Member Spotlight: Sheria Robinson-Lane

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Member Spotlight: Sheria Robinson-Lane

Dr. Sheria G. Robinson-Lane, Assistant Professor of Nursing, School of Nursing, is a gerontologist with expertise in palliative care, long-term care, and nursing administration. Dr. Robinson-Lane’s work aims to reduce health disparities and improve health equity for diverse older adults and family caregivers managing pain and chronic diseases such as Alzheimer’s. Dr. Robinson-Lane’s research addresses the ways in which older adults adapt to changes in health, and particularly how various coping strategies affect health outcomes.

Her current work is focused on improving the ability of diverse older adults to successfully age in place through culturally responsive and community engaged care practices along with effective caregiver support. Dr. Robinson-Lane completed her Ph.D. in Nursing at Wayne State University in Detroit and a postdoctoral fellowship in Advanced Rehabilitation Research Training at the University of Michigan Medical School.

  • Tell us a bit more about the focus and details of your current research/projects

My work is focused improving the experience of family caregivers of persons with dementia. Caregiving can be a particularly stressful experience that can leave families depleted and unsupported. This is particularly true for under resourced families. My most recent project has involved working with focus groups of Black family caregivers to learn more about their particular experiences and the barriers and facilitators to caregiving that they have experienced. We’ve learned a lot about what it means to be resilient, and areas that perhaps health systems could improve on. I am also in the process of trialing a new program for family caregivers that uses a small group-based approach provide caregiver support and education.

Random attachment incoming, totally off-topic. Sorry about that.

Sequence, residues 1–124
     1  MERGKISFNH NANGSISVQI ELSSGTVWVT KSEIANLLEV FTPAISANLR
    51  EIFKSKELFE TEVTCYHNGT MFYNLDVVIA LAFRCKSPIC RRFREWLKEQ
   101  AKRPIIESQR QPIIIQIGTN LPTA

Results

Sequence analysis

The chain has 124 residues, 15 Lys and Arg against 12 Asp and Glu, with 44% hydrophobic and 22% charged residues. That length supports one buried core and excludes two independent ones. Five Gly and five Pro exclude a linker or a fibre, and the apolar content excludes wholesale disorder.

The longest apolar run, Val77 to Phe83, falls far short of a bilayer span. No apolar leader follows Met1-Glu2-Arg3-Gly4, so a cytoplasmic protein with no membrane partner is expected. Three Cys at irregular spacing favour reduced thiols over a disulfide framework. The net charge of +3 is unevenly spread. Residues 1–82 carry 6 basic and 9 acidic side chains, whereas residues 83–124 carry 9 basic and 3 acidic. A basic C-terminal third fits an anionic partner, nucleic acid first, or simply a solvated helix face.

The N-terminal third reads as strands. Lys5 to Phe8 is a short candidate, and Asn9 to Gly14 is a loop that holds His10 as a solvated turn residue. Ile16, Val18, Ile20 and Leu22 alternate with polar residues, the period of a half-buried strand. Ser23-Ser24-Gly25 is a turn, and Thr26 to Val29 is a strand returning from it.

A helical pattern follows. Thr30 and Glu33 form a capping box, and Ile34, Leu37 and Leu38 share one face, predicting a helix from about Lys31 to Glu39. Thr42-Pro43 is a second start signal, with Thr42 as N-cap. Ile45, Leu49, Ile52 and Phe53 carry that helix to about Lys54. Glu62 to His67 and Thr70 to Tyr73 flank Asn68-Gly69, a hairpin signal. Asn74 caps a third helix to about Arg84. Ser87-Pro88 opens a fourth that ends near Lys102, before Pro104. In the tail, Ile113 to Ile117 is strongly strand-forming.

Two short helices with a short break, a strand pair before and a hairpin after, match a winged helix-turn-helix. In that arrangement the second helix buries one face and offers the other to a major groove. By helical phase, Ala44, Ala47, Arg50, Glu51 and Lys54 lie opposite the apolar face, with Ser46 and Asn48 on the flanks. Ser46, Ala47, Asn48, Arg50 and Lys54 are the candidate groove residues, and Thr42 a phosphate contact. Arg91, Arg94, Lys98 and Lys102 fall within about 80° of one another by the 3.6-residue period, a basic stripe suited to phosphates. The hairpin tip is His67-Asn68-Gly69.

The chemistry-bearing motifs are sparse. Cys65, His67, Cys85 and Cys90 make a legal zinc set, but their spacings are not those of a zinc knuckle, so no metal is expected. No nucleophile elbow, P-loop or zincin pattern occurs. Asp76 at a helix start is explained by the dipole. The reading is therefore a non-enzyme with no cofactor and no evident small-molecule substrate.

• What is innovative/new/exciting about these projects?

What is exciting about this work is hearing all of these stories about how and why people have chosen (or been chosen) to be a caregiver. The raw truths that people were willing to share about their experiences is a real driver to find solutions for them. What is innovative about the program that we are rolling out is our strength-based approach that integrates strategies caregivers have already identified as being useful to them.

  • What is the anticipated outcome of this research?

For one thing we will have a better understanding of whether or not our proposed model really makes a difference for our caregivers who participate in our program. We also hope to be able to scale up the program so that it can be implemented more widely.

  • How it will benefit patients and clinicians?

Our program is primarily designed for patient’s families. By supporting family caregivers’ wholistic health and making sure they have access to resources that provide effective support on their caregiving journey—we are able to keep families in tact and patients at home where they want to be.

  • What are your research interests, broadly?

More broadly I’m interested in healthy, equitable, aging and the people, systems, and processes that make that happen.

  • Can you share links to your recent/significant work?